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Consumer Voices Matter: Meaningful Engagement of Consumers and Caregivers in Long-Term Care

Patient-centered care is responsive to the needs and values of the individuals receiving care, and is one aspect of a high-performing, high-quality health care system. The Centers for Medicare & Medicaid Services (CMS) recently issued a final rule that gives Medicaid managed care consumers and their family caregivers a seat at the table by requiring states to include consumer and family caregiver perspectives in the design, implementation and oversight of state-managed long-term services and supports (LTSS) programs.

States should view the new requirement as an opportunity to provide supports to consumers and their representatives so that they can make meaningful contributions that lead to important improvements in states’ LTSS programs. States can achieve this goal by:

  • Ensuring a broad range of perspectives by engaging a variety of individuals receiving or supporting those who receive LTSS. States should be willing to provide appropriate supports for people with special needs, like interpreter services or wheelchair access.


  • Empowering consumers and family caregivers by providing them with educational opportunities. Include content that addresses the following topics: how managed care works, how the state designs and implements its managed LTSS program, a description of person- and family-centered care planning and consumer-directed care, and other topics that support robust consumer and family caregiver participation in the development and oversight of managed LTSS programs. Learning materials should be available at appropriate grade levels and in all common languages.


  • Supporting consumers and family caregivers by identifying a point person within the state agency that patients and family caregivers can connect with if they have questions or concerns. To reduce burden on the point person, this individual could be made available during established times, much like an “office hours” arrangement.


  • Providing opportunities for consumers and family caregivers to discuss issues and concerns related to their participation on advisory groups among themselves through secure internet-based chat rooms or in person if possible. This strategy can help consumers and family caregivers bond with and empower one another.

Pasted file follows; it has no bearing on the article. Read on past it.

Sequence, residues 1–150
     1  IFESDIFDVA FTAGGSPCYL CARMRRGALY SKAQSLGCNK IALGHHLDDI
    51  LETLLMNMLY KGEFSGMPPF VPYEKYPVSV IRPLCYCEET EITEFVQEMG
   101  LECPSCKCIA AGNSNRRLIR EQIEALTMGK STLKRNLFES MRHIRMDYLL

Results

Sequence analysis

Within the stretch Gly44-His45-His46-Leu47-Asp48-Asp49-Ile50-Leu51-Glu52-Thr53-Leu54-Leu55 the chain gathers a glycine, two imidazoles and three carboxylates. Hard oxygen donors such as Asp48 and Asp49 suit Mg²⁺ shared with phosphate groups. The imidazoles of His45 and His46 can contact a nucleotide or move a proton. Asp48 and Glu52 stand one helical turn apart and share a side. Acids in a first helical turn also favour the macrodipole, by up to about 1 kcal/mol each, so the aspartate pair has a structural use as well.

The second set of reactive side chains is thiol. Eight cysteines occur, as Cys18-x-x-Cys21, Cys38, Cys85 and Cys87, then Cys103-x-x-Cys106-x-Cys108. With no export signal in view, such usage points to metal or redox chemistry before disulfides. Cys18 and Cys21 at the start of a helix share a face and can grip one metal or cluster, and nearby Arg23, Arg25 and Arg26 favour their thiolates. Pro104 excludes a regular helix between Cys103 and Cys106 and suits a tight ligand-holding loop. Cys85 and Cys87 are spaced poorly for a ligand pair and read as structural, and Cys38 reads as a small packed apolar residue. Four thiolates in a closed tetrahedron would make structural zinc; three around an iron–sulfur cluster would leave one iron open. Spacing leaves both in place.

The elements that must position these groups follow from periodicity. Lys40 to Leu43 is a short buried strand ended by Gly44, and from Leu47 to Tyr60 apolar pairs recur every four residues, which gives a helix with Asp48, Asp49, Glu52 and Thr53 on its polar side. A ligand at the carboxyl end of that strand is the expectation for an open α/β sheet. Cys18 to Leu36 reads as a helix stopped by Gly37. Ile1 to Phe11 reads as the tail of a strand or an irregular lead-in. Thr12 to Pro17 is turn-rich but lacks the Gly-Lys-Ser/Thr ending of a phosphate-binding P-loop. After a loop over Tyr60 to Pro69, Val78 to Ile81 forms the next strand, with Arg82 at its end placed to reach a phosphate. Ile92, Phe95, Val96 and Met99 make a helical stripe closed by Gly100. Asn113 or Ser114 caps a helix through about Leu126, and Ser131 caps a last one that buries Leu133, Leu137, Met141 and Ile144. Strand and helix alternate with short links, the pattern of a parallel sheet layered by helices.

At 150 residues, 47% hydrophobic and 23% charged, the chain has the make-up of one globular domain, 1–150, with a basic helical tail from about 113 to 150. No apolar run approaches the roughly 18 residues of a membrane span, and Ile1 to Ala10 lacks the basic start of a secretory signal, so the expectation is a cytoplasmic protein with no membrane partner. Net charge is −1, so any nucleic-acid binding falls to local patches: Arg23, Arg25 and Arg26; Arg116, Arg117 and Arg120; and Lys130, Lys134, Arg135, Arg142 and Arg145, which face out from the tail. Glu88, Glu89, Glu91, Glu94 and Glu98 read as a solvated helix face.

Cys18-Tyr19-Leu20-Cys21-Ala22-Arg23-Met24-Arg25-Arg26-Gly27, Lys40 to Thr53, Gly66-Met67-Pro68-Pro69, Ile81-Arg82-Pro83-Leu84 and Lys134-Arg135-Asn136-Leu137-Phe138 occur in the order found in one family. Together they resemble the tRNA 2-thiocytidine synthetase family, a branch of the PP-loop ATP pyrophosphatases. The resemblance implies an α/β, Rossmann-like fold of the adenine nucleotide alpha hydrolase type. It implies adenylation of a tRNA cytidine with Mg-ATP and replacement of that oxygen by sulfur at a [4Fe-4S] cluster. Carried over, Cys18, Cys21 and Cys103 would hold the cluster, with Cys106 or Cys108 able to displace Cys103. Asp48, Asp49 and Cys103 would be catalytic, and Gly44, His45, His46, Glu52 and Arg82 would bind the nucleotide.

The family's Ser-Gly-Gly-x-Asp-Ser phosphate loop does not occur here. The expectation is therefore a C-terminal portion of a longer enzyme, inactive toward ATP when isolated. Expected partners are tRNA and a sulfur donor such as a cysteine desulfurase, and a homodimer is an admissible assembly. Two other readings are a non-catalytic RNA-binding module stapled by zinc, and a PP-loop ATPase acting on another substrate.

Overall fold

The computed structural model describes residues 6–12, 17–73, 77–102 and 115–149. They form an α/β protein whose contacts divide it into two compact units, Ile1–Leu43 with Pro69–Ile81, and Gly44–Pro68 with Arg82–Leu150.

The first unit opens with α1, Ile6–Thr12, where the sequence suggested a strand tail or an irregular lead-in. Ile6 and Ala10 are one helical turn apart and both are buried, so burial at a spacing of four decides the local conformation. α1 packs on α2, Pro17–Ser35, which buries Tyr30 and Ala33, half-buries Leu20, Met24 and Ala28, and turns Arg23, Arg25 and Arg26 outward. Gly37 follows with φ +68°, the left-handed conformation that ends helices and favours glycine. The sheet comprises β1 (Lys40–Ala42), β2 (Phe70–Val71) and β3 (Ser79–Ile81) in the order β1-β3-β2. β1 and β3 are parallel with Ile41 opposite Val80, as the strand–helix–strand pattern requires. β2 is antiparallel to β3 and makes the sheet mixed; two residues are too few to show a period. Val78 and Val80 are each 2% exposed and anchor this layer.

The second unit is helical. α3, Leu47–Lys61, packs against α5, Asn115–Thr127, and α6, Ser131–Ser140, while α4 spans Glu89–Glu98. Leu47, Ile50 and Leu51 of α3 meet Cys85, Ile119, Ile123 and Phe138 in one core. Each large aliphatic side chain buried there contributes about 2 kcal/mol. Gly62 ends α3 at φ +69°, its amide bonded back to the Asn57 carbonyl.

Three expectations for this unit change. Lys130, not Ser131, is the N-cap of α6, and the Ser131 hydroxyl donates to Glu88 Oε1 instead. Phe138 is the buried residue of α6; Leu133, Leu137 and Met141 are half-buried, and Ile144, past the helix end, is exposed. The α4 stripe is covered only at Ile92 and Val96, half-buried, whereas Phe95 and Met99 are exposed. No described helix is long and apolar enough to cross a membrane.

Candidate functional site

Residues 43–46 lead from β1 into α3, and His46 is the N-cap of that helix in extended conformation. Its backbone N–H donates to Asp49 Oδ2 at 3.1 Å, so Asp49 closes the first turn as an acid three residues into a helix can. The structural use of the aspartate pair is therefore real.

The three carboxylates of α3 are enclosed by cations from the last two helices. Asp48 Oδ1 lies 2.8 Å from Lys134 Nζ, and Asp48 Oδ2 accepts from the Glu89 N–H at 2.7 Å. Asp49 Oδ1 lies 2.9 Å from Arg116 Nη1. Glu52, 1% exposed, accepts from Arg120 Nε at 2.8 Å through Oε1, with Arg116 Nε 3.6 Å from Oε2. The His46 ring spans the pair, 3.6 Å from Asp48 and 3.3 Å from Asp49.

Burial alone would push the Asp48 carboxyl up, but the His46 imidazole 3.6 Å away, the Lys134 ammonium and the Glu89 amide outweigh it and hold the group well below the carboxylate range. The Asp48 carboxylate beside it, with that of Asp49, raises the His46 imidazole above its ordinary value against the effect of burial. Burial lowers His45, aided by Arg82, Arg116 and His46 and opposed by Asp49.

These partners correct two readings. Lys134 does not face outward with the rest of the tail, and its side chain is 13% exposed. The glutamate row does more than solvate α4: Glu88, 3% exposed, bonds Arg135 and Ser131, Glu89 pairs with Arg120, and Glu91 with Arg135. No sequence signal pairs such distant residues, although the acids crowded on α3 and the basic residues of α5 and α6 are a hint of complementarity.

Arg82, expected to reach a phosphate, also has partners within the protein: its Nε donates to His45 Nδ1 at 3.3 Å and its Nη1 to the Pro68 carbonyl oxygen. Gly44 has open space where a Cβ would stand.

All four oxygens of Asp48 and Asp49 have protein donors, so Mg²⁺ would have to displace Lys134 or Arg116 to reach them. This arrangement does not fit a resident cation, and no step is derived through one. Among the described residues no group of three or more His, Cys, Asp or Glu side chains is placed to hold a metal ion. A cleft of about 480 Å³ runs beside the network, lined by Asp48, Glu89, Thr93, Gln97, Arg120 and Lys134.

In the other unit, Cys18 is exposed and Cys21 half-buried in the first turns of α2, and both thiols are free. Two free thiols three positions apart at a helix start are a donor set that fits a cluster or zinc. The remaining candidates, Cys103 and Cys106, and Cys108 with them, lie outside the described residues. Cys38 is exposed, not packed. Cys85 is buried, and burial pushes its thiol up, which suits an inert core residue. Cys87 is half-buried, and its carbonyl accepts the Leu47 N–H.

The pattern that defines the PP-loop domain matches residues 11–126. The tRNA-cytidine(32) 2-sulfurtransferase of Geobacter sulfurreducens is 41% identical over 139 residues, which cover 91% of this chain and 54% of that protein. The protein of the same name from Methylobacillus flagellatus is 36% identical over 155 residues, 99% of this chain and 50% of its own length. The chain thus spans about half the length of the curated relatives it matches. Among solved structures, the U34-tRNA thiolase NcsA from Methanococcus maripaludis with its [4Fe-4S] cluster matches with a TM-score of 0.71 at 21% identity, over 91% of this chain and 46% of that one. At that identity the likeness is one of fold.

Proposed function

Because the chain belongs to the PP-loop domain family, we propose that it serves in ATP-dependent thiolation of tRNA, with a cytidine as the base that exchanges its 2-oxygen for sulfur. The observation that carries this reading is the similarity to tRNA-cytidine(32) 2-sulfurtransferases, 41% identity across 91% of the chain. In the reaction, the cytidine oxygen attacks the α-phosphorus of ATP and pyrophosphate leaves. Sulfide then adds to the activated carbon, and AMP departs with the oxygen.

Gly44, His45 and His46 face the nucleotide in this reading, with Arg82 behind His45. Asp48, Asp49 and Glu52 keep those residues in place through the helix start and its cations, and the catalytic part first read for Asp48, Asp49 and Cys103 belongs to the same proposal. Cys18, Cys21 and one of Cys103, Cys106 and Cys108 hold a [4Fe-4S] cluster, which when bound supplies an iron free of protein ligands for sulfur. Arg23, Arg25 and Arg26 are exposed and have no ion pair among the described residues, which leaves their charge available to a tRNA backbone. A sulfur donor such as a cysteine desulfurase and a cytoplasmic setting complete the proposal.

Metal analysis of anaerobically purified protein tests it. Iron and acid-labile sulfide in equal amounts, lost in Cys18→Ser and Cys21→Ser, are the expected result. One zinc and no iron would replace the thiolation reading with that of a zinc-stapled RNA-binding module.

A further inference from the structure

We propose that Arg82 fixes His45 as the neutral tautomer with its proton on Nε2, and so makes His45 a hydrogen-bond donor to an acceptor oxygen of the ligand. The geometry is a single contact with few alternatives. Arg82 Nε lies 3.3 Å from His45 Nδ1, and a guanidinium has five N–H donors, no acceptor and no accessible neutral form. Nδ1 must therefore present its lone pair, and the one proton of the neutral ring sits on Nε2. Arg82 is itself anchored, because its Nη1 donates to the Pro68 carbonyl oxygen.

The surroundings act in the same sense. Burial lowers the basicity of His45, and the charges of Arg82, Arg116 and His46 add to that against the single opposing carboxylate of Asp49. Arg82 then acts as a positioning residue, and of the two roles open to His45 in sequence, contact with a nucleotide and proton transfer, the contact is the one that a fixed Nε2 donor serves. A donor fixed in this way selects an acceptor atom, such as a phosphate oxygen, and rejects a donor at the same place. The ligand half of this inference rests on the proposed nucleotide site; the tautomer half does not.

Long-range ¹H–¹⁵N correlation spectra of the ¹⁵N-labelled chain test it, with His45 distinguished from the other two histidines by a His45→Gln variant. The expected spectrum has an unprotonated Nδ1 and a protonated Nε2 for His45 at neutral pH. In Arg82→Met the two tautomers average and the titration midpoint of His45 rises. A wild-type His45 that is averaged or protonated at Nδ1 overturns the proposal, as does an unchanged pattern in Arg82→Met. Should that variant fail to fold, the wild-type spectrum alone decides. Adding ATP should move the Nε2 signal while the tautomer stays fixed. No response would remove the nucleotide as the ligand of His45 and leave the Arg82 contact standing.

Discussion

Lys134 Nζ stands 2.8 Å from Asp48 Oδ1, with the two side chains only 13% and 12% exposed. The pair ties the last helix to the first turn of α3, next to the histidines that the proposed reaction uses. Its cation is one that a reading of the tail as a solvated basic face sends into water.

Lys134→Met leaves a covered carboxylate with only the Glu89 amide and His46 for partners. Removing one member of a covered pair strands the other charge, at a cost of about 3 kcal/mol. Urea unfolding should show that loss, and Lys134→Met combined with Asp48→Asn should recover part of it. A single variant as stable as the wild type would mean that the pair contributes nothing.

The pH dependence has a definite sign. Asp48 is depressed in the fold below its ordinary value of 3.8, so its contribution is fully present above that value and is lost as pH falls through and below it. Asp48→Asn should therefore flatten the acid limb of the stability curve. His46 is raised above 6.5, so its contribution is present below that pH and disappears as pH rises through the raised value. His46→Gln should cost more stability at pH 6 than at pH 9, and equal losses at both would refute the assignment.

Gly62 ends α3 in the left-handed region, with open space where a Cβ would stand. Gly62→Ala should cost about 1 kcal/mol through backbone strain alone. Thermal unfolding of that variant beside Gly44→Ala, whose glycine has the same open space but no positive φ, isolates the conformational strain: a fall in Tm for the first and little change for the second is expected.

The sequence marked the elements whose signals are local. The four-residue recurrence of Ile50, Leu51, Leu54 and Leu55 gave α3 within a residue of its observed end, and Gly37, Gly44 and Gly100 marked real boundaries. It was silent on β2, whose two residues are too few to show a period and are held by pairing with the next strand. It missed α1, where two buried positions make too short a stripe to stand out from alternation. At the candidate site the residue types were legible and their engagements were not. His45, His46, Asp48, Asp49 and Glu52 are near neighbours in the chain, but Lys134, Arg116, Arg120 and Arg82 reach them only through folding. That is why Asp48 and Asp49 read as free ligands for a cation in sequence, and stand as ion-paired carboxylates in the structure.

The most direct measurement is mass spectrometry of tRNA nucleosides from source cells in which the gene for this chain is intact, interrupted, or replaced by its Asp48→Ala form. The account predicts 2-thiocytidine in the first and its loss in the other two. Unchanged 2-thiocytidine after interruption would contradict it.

• Identifying ways to recognize the important contributions that consumers and family caregivers make to help the state and the managed care companies improve their ability to deliver high-quality, consumer-centered LTSS. For example, the state and managed care companies could sponsor an annual banquet to recognize and honor the important contributions that consumers and family caregivers make.


As the movement to place consumers and family caregivers at the center of care gains momentum, it is important to develop processes to support meaningful consumer engagement in health care, including LTSS. Going forward, CMS should take advantage of other opportunities to better support family caregivers, like requiring states to survey family caregivers about their experience of care if they are part of the person-centered service plan.


Photo Courtesy of iStock




Lynda Flowers is a senior strategic policy adviser with the AARP Public Policy Institute, specializing in Medicaid issues, health disparities and public health.




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Olivia Dean is a policy analyst with the AARP Public Policy Institute. Her work focuses on public health, mental health, health disparities and healthy behavior.





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